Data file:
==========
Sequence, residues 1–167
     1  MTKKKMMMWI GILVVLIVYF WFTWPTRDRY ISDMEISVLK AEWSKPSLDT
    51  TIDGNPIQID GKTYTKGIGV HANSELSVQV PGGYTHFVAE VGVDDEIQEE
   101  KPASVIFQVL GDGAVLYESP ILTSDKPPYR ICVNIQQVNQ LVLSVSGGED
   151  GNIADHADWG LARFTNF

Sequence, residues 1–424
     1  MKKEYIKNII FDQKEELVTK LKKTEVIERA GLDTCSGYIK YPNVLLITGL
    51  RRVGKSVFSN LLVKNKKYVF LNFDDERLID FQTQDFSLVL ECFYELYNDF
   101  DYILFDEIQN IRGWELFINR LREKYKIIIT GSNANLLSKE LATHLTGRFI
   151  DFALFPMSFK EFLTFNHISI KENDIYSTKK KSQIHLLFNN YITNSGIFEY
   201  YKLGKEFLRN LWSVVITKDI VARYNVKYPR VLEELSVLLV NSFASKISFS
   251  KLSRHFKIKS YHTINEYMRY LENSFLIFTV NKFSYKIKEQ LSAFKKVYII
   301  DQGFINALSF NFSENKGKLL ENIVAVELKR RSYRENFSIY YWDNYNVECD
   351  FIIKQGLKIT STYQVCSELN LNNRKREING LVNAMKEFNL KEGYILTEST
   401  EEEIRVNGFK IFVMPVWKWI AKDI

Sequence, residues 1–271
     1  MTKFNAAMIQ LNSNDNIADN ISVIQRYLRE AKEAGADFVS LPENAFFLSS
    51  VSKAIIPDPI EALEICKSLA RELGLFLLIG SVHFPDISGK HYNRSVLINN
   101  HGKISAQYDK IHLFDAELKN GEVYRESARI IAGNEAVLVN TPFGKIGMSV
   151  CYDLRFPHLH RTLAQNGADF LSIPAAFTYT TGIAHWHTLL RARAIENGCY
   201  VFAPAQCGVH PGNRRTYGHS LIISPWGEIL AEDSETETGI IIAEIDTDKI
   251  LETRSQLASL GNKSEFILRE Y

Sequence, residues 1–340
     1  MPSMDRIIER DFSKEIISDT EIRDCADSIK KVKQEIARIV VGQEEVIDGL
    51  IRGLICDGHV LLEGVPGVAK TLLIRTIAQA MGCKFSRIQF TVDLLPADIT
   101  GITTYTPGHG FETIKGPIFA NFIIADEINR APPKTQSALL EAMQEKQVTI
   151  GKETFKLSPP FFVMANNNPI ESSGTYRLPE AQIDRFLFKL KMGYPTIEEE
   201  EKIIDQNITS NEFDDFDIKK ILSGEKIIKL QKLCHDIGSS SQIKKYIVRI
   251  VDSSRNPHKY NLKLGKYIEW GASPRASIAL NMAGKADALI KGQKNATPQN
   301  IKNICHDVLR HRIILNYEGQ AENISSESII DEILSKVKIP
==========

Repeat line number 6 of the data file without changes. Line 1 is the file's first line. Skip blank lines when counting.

Sequence, residues 1–424